I'm developing on an application at the moment which contains quite a lot of personal user information - things like Facebook contacts, etc ... Now, one of the things I want to be able to do (and have done, quite effectively) is open up parts of the application to "3rd Party" applications, using Android's build-in inter-process communication protocol (AIDL). So far so good.
Here's the catch: because we're involved in handling quite a lot of personal information, we have to be quite careful about who can and can't access it; specifically, only "Trusted" applications should be able to do so. So the natural way to do this is to use a custom permission within the AndroidManifest.xml file where we declare the services. My problem is this: I want to be able to enact signature-level protection (similar to the normal "signature" permission level), but with a bit of a catch:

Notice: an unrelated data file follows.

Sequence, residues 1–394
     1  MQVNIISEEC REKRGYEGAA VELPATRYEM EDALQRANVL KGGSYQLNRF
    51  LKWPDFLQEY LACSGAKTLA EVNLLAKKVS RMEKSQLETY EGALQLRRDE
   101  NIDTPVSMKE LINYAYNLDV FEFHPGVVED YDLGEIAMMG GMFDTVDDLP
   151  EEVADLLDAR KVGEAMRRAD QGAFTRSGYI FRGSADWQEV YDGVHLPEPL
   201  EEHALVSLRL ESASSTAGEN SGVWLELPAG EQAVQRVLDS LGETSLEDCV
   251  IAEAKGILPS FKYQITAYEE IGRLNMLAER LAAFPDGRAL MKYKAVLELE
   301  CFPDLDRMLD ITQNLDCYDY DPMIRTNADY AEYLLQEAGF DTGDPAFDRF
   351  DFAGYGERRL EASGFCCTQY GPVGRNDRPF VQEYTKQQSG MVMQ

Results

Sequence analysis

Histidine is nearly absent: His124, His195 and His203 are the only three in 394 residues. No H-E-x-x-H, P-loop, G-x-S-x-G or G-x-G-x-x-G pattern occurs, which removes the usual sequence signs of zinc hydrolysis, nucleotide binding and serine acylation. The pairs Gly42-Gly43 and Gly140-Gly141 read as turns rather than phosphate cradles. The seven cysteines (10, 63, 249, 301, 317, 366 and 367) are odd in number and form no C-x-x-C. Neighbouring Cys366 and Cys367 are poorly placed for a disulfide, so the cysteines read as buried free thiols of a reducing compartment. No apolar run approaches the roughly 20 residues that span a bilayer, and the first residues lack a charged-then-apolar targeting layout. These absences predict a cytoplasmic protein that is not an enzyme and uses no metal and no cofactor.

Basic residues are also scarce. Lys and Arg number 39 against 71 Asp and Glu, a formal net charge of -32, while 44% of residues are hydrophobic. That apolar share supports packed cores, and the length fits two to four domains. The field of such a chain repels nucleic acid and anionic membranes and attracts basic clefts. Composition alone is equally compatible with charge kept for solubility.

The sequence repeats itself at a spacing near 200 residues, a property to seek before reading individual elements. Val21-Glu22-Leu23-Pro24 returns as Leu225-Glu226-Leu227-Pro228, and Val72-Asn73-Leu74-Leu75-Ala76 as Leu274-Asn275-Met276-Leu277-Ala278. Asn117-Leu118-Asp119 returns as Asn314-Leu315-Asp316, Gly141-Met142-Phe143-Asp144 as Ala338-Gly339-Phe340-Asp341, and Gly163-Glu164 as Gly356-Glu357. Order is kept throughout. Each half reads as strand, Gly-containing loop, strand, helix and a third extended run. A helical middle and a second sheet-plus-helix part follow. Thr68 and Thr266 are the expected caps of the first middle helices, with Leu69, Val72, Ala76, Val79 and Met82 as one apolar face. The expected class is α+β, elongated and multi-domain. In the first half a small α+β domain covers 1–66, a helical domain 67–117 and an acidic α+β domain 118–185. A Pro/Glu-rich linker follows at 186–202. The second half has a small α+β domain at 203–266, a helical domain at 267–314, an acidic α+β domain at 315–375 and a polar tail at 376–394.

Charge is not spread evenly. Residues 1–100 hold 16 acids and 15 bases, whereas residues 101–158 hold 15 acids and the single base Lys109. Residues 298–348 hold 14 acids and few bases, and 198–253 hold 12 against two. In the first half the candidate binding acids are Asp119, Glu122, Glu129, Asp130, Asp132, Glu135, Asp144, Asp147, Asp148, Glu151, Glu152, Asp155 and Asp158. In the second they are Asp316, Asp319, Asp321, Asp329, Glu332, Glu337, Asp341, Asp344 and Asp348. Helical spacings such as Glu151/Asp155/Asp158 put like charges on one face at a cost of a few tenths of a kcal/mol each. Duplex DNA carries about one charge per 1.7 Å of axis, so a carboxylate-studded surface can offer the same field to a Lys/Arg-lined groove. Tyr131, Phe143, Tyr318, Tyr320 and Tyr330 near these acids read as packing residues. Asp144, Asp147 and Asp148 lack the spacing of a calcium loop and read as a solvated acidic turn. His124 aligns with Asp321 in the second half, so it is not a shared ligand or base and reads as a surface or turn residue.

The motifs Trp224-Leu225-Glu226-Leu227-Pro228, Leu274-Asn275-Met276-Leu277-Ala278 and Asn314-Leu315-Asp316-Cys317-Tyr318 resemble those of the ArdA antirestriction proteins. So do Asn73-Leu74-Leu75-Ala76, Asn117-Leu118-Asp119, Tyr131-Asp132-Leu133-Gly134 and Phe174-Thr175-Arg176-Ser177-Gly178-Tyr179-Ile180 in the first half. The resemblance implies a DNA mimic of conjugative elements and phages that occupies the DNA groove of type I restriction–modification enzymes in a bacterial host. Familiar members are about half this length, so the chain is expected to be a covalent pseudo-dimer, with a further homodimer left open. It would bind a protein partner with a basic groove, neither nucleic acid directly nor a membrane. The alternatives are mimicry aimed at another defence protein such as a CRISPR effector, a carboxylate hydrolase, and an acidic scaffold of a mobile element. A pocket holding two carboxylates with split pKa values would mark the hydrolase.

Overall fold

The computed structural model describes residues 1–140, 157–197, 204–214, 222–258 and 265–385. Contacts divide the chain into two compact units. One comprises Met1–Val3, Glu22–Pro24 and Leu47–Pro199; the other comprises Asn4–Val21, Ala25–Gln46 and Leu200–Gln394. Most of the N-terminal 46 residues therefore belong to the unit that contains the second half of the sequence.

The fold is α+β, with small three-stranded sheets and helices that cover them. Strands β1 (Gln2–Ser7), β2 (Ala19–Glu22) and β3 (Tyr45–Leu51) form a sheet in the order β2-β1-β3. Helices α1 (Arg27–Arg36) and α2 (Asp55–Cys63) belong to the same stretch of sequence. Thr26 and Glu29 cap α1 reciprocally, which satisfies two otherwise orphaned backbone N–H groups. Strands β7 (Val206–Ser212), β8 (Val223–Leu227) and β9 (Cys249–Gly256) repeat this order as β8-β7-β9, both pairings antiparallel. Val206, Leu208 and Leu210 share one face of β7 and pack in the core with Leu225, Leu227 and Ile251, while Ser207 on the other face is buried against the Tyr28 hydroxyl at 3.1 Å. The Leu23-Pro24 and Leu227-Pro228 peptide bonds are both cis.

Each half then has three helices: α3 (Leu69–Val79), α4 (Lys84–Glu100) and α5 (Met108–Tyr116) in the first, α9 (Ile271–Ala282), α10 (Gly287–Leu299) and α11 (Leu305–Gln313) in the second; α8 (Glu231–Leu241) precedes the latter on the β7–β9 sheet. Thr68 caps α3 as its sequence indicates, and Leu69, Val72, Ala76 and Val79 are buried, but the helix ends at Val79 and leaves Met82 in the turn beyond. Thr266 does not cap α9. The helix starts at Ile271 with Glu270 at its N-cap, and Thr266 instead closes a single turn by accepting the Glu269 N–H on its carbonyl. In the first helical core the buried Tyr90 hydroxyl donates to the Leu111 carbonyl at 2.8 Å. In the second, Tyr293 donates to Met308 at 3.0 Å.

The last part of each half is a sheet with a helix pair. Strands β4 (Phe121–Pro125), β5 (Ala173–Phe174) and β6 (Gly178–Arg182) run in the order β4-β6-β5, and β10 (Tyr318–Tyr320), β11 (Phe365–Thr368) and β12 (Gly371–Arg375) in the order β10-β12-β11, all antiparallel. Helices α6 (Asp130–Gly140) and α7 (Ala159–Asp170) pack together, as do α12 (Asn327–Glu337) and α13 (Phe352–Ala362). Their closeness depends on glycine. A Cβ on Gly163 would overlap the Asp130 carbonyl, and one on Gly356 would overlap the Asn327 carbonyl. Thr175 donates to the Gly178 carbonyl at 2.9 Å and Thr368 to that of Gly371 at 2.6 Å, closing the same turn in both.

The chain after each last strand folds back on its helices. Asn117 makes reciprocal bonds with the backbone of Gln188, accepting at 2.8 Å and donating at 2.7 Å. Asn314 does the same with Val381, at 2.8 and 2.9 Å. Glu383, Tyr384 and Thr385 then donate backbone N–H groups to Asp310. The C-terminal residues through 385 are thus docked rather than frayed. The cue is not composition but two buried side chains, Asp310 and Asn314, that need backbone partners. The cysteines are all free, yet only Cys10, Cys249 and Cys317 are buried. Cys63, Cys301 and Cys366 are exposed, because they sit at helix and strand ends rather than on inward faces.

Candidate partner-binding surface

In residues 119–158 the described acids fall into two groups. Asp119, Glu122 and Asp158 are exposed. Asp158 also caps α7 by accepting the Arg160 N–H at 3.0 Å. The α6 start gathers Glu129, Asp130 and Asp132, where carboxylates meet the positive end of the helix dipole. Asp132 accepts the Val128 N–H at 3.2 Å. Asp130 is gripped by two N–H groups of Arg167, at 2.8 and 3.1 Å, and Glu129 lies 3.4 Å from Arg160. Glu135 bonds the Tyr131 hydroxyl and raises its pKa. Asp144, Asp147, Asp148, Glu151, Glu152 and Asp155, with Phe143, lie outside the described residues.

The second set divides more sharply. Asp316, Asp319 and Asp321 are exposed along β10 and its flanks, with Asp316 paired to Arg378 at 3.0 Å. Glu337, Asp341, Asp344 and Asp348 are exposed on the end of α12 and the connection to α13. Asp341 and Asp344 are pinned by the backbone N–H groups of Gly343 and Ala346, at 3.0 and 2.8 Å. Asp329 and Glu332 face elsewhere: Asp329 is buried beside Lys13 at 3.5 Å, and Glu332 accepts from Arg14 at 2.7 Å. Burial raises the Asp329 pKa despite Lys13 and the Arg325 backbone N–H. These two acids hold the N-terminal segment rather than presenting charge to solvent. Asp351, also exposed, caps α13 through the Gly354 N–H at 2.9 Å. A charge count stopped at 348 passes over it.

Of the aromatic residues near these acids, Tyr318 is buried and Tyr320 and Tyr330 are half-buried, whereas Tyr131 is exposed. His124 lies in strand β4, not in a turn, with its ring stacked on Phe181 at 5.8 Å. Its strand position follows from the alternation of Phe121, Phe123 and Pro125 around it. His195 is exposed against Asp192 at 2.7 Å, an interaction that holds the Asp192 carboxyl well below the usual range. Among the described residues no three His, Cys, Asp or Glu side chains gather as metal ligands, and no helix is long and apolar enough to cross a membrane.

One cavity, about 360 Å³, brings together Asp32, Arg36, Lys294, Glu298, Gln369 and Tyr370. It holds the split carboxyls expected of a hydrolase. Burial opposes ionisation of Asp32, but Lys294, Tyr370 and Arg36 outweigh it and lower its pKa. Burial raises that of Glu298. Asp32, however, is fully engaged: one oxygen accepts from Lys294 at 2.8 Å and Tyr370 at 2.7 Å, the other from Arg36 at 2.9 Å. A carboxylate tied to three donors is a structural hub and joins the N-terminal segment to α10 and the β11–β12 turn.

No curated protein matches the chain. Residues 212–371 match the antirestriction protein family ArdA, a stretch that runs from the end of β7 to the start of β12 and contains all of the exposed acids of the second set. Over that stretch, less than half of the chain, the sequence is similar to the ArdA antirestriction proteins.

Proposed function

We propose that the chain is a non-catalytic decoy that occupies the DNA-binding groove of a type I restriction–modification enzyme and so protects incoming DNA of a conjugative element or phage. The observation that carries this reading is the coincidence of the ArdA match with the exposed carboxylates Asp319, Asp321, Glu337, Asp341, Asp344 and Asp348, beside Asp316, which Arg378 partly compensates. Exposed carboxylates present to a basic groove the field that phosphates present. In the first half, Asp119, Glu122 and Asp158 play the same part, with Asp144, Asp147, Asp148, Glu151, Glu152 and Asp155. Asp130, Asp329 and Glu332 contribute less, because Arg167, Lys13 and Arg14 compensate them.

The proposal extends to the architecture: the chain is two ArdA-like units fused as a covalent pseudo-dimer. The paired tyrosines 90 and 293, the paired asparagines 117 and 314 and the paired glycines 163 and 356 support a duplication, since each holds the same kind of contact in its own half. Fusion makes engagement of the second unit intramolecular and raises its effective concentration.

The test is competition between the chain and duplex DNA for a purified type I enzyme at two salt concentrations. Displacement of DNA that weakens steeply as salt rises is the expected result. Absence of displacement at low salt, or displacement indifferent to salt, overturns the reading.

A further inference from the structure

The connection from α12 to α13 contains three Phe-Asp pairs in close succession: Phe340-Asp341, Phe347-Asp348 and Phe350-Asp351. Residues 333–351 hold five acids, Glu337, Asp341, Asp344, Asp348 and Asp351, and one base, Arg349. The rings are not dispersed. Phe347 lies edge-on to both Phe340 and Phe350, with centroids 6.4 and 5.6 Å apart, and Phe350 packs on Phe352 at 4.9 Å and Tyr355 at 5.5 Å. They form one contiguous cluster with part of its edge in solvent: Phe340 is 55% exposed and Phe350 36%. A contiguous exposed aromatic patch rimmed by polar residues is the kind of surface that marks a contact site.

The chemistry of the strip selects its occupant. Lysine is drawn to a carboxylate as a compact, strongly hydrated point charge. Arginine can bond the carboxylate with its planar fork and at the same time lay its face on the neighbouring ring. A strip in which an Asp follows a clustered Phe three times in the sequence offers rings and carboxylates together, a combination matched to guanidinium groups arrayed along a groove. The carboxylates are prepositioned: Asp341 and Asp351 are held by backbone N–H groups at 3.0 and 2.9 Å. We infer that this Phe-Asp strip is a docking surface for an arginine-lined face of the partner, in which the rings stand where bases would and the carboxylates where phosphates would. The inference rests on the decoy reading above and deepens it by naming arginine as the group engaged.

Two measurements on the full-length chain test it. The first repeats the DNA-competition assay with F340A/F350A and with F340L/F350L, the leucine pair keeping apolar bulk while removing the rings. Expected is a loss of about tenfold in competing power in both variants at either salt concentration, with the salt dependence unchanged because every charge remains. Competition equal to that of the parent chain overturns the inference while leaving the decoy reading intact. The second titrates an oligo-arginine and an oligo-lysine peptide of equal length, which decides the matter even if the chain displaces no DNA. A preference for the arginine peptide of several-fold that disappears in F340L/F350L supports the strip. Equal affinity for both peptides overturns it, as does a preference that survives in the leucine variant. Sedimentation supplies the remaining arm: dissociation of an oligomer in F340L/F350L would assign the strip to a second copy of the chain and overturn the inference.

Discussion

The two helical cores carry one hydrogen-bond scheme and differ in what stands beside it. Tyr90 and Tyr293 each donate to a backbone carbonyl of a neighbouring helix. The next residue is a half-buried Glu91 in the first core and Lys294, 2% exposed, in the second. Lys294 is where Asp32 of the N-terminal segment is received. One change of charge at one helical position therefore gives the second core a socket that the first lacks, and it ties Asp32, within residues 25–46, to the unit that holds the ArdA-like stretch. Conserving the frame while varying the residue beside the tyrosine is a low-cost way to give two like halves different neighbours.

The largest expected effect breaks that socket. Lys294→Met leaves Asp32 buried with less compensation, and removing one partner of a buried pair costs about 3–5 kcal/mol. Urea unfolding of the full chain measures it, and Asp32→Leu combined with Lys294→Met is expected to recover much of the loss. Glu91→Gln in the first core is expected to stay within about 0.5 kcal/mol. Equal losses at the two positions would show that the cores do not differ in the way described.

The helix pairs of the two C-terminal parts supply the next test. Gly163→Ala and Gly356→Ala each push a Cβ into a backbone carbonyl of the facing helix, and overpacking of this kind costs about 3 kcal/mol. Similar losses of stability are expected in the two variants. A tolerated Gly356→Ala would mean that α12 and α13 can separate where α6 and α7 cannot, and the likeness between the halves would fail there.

I don't only want application signed with our internal signature to be able to access the services. I'd like to be able to build a list of "trusted signatures" & at runtime (or if there's a better way, then maybe some other time?) be able to check incoming requests against this list of trusted keys.
This would satisfy the security constraints in the same way as the normal "signature" permission level I think - only programs on the "trusted keys list" would be able to access the services, and keys are hard to spoof (if possible at all?) - but with the added bonus that we wouldn't have to sign every application making use of the APIs with our internal team's key.
Is this possible at the moment in Android? And if so, are there any special requirements?